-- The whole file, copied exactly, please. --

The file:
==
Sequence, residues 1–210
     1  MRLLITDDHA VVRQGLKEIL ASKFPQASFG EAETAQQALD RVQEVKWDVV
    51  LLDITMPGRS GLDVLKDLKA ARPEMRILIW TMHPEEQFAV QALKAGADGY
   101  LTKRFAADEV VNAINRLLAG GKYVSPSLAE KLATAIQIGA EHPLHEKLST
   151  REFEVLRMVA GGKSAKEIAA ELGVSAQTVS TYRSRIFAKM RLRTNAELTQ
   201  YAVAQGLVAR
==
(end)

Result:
Sequence, residues 1–210
     1  MRLLITDDHA VVRQGLKEIL ASKFPQASFG EAETAQQALD RVQEVKWDVV
    51  LLDITMPGRS GLDVLKDLKA ARPEMRILIW TMHPEEQFAV QALKAGADGY
   101  LTKRFAADEV VNAINRLLAG GKYVSPSLAE KLATAIQIGA EHPLHEKLST
   151  REFEVLRMVA GGKSAKEIAA ELGVSAQTVS TYRSRIFAKM RLRTNAELTQ
   201  YAVAQGLVAR